Bush Continues His Aggressively Misleading Legacy Tour
President George W. Bush, today, Carlisle, Penn., Army War College, magical-thinking tour:
While there’s room for honest and healthy debate about the decisions I’ve made — and there’s plenty of debate — there can be no debate about the results in keeping America safe.
He’s right, just not in the way he means. Hundreds of billions disappeared into the corruption pits of Iraq and Afghanistan, and we have a tottering war in central Asia, an Iraq where the new government forces us to withdraw in a few years and the populace embraces a man who throws his shoes at the president who thinks he’s a liberator. We have a reputation as an outlaw nation that kidnaps people and tortures them, and it’s deserved. We have a reputation as a nation that abrogates unto itself the right to preventively invade nations that displeases us, and it’s deserved.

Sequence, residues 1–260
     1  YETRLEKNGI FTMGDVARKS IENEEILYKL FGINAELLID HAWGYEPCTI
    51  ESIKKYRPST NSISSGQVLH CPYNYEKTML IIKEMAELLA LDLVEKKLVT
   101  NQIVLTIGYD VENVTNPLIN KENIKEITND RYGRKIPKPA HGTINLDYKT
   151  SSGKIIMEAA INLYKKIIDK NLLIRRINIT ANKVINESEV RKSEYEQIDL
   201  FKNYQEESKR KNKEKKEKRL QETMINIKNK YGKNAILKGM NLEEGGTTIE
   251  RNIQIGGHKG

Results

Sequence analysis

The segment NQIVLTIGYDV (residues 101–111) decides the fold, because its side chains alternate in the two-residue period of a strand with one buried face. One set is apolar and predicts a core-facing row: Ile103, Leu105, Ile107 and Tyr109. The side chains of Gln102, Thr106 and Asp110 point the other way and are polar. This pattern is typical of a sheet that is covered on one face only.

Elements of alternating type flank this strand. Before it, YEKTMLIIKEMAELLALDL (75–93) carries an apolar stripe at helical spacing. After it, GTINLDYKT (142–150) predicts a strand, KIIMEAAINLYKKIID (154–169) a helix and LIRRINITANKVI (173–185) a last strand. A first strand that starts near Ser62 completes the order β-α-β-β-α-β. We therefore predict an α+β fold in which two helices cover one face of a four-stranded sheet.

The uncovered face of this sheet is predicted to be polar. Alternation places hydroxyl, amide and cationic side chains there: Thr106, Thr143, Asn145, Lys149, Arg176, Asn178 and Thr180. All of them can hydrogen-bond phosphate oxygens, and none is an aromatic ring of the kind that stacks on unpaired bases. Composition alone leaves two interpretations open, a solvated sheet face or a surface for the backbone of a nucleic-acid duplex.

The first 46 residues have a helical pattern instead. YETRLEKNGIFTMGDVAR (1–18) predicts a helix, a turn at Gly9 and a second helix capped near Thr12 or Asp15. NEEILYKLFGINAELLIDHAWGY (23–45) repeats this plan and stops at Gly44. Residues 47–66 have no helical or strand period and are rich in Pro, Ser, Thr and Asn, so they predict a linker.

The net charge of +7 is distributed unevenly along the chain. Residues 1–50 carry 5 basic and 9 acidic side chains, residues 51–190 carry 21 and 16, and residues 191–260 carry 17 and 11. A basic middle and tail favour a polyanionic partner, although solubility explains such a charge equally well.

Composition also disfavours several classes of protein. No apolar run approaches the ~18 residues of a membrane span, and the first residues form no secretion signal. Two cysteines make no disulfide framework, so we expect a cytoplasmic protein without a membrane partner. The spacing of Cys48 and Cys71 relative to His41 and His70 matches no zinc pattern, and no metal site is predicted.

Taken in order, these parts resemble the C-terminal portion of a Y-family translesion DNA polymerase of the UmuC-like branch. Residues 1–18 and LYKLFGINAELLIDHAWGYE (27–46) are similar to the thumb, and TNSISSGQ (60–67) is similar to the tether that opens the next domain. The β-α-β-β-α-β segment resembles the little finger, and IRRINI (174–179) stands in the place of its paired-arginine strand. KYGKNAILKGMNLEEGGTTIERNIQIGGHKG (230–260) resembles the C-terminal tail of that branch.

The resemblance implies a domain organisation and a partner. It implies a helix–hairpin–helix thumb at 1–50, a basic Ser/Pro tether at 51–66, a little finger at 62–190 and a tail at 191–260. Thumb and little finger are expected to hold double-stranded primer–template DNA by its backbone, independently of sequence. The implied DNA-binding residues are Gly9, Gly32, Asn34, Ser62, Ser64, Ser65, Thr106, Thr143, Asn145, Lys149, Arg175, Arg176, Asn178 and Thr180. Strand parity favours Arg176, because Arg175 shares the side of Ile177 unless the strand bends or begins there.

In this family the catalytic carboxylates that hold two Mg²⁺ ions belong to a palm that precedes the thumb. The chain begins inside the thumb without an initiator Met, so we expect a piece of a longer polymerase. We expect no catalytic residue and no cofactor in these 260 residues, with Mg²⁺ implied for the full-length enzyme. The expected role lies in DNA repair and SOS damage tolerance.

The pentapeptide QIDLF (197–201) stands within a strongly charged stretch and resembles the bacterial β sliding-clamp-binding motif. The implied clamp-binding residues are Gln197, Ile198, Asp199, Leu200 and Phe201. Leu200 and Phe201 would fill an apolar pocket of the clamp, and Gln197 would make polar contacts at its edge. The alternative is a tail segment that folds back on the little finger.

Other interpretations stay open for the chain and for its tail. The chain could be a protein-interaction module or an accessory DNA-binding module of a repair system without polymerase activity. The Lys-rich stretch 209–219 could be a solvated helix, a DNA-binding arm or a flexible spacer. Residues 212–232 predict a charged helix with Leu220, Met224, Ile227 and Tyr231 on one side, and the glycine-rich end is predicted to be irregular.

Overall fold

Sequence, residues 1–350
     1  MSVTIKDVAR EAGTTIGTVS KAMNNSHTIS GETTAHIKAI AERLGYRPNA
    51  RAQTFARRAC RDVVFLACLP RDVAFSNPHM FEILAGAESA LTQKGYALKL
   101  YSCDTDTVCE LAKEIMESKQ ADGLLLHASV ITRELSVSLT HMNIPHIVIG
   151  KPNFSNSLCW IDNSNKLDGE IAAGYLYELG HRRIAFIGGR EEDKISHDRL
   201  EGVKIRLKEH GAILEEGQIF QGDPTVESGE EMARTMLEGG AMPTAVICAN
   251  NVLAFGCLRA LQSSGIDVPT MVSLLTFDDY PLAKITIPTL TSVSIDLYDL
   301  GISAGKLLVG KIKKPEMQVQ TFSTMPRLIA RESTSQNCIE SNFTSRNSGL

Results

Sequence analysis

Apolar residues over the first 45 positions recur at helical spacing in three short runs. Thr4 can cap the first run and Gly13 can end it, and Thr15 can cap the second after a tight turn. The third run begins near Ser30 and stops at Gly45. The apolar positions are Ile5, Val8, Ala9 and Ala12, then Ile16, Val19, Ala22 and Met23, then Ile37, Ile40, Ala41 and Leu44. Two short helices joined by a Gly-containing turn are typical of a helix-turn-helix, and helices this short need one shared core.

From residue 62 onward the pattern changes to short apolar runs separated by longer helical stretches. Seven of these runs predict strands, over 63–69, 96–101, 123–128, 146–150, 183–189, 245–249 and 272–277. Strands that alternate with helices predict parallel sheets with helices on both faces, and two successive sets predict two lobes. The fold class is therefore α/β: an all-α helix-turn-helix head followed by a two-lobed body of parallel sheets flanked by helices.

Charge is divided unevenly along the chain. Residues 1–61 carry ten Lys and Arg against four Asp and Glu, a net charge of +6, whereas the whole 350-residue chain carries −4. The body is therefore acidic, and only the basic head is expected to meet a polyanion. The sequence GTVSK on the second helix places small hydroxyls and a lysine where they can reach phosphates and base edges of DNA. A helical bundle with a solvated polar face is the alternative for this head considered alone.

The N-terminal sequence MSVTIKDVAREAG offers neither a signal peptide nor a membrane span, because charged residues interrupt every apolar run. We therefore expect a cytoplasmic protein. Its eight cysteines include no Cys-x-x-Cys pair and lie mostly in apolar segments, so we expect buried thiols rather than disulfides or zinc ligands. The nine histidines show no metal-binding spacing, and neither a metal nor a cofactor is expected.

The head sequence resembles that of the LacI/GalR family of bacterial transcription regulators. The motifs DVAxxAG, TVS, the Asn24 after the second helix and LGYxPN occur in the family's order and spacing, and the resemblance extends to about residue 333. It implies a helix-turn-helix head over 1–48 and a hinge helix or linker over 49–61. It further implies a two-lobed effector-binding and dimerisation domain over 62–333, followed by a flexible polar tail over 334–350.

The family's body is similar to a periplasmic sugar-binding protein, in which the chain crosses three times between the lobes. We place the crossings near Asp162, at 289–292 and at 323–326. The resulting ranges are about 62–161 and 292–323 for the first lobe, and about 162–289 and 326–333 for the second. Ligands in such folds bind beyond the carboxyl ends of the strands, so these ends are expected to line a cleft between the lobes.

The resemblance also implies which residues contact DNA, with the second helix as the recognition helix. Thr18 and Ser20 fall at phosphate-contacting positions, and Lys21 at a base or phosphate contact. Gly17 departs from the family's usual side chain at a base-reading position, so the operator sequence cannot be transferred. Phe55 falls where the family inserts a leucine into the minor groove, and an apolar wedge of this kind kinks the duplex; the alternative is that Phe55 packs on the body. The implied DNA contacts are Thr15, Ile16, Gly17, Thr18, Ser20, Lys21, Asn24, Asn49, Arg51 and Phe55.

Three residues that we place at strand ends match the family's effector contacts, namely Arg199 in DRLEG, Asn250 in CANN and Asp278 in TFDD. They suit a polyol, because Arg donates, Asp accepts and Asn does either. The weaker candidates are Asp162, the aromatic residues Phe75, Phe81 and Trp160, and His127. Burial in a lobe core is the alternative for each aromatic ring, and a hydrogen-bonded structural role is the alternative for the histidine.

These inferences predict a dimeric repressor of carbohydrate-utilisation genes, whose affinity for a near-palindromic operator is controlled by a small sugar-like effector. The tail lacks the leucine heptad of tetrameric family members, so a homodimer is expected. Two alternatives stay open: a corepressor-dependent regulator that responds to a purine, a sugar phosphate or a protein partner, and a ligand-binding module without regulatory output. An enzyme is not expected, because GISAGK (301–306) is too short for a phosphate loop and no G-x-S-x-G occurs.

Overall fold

Bush wants to say that he kept us safe because there hasn’t been another terrorist attack domestically, even if there’ve been thousands in Iraq and Afghanistan and Turkey and Spain and Holland and Britain and Israel and Lebanon and so forth. What a thing to offer as a final judgment! I suppose he’s never heard the Chris Rock routine about boasting over the fact that you paid your child support on time. But even still — we don’t know what al-Qaeda’s operational timetable is. I hope to God Bush *has *stopped terrorist attacks. But al-Qaeda waited eight long years between the two World Trade Center attacks, and who knows what it did, or didn’t, plan in the U.S. between 2001 and today. If he really did prevent these attacks, let’s see the actual evidence. A man who cries WMD deserves no benefit of any doubt.
I can think of exactly one way Bush’s policies actively strengthened this country’s defenses. The Army and Marines who’ve returned from Iraq and Afghanistan are today more experienced with stability operations and counterinsurgency than at any time in their history. And that’s in large part because of the mistakes he and his secretary of defense made, which left the Army and the Marine Corps to address as best as they possibly could.